Speaking of the right to privacy — a right used to undergird the killing of the unborn — another landmark aspect of the Terri Schiavo case is the insidious way her wishes are being inferred. It is dark enough that people are demanding euthanasia on their own behalf; it is far, far darker that the Florida courts have accepted Michael's testimony that it was Terri's wish not to live with the aid of a feeding tube — a testimony based on uncorroborated private, casual conversations (which two of Michael's family members, as of late, have suddenly surfaced to affirm).
If Michael wins and Terri's feeding tube is again (and for the last time) removed, the euthanasia movement will then be able to project its own desires on those who, through some disability, can no longer express them. Even if she had said such things, imagine the use the pro-death forces could make if casual remarks take the place of living wills.
It is all the more amazing that Terri's fate hangs on such thin evidence, because her husband's character and motives, even by the standards of the culture of death, are more than a little suspect. Almost 14 years ago, in February 1990, Terri Schiavo “collapsed” under mysterious conditions. As a 1991 bone scan uncovered — a scan that itself has only very recently been uncovered — Terri had suffered a history of trauma, not only injuries to the ribs, thoracic vertebrae, both sacroiliac joints, both ankles and both knees but also a head injury severe enough to have led to her disabled condition.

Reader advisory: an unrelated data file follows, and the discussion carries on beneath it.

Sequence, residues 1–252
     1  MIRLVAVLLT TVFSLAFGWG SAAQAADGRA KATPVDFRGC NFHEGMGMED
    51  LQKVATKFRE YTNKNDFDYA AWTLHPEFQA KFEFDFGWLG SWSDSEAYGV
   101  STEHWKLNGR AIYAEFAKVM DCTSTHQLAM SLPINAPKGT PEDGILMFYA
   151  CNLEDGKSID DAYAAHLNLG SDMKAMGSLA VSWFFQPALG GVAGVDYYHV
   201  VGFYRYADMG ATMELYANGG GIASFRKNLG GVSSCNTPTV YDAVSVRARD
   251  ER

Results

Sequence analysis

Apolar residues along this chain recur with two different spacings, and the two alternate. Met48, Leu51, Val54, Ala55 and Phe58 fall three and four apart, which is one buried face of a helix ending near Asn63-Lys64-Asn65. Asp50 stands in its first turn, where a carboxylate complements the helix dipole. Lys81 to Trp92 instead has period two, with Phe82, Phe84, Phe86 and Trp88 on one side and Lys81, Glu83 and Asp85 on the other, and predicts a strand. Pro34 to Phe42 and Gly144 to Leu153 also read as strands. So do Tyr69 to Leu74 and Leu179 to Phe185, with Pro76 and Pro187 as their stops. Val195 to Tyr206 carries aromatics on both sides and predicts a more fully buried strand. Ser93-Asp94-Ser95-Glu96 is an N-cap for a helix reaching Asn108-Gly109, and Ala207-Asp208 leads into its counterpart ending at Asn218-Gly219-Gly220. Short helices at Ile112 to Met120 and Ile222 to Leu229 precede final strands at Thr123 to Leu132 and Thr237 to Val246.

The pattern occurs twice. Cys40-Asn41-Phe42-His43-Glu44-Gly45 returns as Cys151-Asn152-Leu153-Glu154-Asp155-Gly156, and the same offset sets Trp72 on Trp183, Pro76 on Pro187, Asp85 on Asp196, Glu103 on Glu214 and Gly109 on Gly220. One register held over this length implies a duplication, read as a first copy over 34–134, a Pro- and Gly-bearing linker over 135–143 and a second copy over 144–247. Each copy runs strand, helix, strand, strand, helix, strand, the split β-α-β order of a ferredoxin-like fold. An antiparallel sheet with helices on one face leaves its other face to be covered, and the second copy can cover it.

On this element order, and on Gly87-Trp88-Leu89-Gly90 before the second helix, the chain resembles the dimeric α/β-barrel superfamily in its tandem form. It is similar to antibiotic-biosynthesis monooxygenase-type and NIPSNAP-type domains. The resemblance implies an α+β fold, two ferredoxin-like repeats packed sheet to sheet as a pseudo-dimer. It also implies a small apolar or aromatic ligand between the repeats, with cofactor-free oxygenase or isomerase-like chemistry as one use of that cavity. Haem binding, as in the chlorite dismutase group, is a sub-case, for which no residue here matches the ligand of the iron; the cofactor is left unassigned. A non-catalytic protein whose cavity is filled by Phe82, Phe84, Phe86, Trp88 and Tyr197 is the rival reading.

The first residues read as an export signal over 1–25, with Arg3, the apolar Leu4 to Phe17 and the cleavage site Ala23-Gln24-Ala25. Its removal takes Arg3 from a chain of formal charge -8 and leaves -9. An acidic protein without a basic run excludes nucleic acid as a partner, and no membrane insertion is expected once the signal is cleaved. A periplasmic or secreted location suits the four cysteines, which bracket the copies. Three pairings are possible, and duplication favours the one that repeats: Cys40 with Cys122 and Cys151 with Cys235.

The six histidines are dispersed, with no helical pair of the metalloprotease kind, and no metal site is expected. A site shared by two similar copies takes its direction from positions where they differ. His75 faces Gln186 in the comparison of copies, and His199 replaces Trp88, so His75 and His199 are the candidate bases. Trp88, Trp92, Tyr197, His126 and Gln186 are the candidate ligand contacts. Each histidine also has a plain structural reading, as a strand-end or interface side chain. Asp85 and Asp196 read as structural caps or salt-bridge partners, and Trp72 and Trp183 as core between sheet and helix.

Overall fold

In short, Terri was long the victim of serious physical abuse, and her husband is the prime suspect. That makes the “collapse” itself a rightful object of investigation as a continued pattern of abuse. Not too surprisingly, Michael has done everything possible to keep Terri's medical records from public view and has even ordered that her body be cremated upon death. A cremated body is a notoriously difficult object for an autopsy.